Friday, October 10, 2008


The holiest day on the Jewish calendar has come and gone and after a day of reflection I continue along this path and reflect upon the day that has passed. All of us I am sure are grateful that we can now eat and drink again. My gratefulness extends beyond the thankfulness for no longer fasting.
For the first time in 46 years, I spent Yom Kippur as a congregant and not as a rabbi. I was released of the obligations of conducting the service-preaching, teaching, commenting, announcing pages, directing Bimah-pulpit traffic, politely shushing the congregation when the noise level reached unacceptable levels, emceeing and at times, playing stand up comedian. Yesterday I sat with my family and listened-free of the responsibility that falls on the shoulders of rabbis expected to put on an impeccably successful synagogue service. I was able to daaven-to pray with a clear mind and heart, without the preoccupations and anxieties usually associated with the requirement to direct and control the flow of a worship service.
I must confess that there were times that I missed being up on the pulpit in the limelight, playing a role that so many were dependent upon. I especially found it difficult not to be sharing Jewish ideas with others.
Yet, I was blessed with the unique experience of standing alongside wife and children care-freely singing and praying without a thousand eyes observing my every gesture and motion.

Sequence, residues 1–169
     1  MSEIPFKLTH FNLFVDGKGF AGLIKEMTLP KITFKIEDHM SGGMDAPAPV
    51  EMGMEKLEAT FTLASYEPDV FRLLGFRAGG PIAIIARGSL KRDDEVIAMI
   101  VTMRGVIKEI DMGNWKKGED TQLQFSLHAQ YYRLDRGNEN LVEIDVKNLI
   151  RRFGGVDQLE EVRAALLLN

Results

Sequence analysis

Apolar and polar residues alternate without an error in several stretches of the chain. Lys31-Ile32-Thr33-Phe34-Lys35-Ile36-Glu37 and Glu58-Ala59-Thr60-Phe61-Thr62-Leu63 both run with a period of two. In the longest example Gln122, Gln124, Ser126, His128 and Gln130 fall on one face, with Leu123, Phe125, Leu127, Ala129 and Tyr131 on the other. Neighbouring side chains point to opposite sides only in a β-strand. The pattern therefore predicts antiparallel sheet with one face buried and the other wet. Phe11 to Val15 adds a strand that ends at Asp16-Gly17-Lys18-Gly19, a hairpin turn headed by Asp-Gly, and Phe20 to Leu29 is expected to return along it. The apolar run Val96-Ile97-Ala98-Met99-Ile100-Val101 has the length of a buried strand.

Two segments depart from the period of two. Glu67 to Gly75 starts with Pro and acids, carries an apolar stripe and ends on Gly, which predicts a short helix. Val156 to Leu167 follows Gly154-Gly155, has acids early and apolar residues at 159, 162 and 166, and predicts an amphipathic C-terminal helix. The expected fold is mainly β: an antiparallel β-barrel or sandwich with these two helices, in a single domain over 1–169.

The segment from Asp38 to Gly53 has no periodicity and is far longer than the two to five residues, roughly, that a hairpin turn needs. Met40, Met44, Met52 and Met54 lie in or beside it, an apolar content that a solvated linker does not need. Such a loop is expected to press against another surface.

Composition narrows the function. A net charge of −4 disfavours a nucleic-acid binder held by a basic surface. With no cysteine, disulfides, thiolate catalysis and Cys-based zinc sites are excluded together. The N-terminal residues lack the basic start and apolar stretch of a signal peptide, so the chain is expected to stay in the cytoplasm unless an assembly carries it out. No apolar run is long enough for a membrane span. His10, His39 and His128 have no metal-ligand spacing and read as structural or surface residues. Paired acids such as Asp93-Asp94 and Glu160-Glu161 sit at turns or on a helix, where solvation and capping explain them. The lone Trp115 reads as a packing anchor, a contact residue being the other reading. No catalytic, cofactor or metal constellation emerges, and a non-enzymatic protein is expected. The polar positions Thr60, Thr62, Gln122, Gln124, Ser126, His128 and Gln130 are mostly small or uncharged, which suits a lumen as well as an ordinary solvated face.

I could halt at a particularly inspiring passage or verse and dwell on its meaning without the need to anticipate the next page of the Mahzor-the High Holyday prayer book in preparation for announcing the next page.
I had the freedom to think quietly to myself, to consider a commentary connected to a prayer that caught my attention. Simply, I was grateful for the gift of being able to pray on Yom Kippur.
For the first time in many years I learned what it felt like to be a congregant during these lengthy and elaborate services. With the hindsight of one such Yom Kippur, I would recommend to my colleagues to sit in the pews with their flock prior to assuming the role of rabbi in order to avoid losing touch with the emotional content of the congregant’s worship experience.
As the service unfolded, and a sense of yearning for the pulpit began to assert itself, I silently meditated on my need to be grateful for this change in my life. My prayers were interspersed with these gratefulness meditations, helping me to gain the awareness that Yom Kippur was indeed a time of at-one-ment, allowing me to embrace a new reality in my life and being thankful for it.

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